Food is sealed in airtight plastic bags and then immersed in a water bath held at a specific temperature using an immersion circulator. The method is used in some of the world’s top restaurants as an example of modern cooking turning to the world of science for new techniques to take dining to the next level. Chef Chris has been studying the technique, even keeping his own immersion circulator at ICE. Last week he and a group of students turned their attention to veal breast, short ribs and brisket — all tough cuts of meat that are traditionally braised for extended periods to become tender. Chef Chris set out to try three different sets of meat, all set at variable times and temperatures, to see which would result in tender meat, but being careful to make sure it was not mushy. He cooked all the cuts at 66ºC for 48 hours, 62ºC for 72 hours, 72ºC for 36 hours. Just to give you an idea of how low that temperature is, the boiling point of water is 100ºC.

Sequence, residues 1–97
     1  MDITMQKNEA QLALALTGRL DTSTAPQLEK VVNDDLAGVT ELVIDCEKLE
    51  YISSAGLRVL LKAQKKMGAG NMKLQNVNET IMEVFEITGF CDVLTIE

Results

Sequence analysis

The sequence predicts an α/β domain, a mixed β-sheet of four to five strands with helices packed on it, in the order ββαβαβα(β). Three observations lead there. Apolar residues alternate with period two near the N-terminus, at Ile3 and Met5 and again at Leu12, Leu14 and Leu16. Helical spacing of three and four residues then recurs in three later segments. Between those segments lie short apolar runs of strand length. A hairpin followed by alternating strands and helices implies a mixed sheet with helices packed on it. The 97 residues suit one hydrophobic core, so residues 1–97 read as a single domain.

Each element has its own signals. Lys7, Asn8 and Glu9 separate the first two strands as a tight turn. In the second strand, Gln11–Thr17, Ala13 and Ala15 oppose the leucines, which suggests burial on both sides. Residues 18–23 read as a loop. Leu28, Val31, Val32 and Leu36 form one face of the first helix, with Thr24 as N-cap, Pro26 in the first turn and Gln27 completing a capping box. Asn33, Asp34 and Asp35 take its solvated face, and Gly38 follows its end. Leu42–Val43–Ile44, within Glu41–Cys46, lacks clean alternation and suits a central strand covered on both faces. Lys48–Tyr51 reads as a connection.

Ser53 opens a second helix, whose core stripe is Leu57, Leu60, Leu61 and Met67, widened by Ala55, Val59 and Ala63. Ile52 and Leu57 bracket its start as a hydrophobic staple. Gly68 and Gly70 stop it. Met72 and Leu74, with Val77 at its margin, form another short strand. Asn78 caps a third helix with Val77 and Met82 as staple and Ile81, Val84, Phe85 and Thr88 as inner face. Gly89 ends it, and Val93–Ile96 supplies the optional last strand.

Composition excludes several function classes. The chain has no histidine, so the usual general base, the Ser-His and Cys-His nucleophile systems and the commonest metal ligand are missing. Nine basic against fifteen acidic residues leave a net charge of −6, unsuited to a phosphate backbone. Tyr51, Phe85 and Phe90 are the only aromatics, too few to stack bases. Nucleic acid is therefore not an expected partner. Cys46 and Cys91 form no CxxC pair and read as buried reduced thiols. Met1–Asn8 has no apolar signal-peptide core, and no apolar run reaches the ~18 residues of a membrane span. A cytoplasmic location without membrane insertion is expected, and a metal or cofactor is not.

So, how did everything turn out? We’ll have to wait and see. Before we were able to taste, Chef Chris and Chef Instructor James Briscione left to travel to Venice, Italy on April 17 to work with one of the world’s premier sous-vide equipment manufacturers — ORVED. This will enable Chef Chris and Chef James to learn more about the latest techniques, and then continue to share the methods with their students. They’ll be back later this week, so stay tuned for an update from their trip.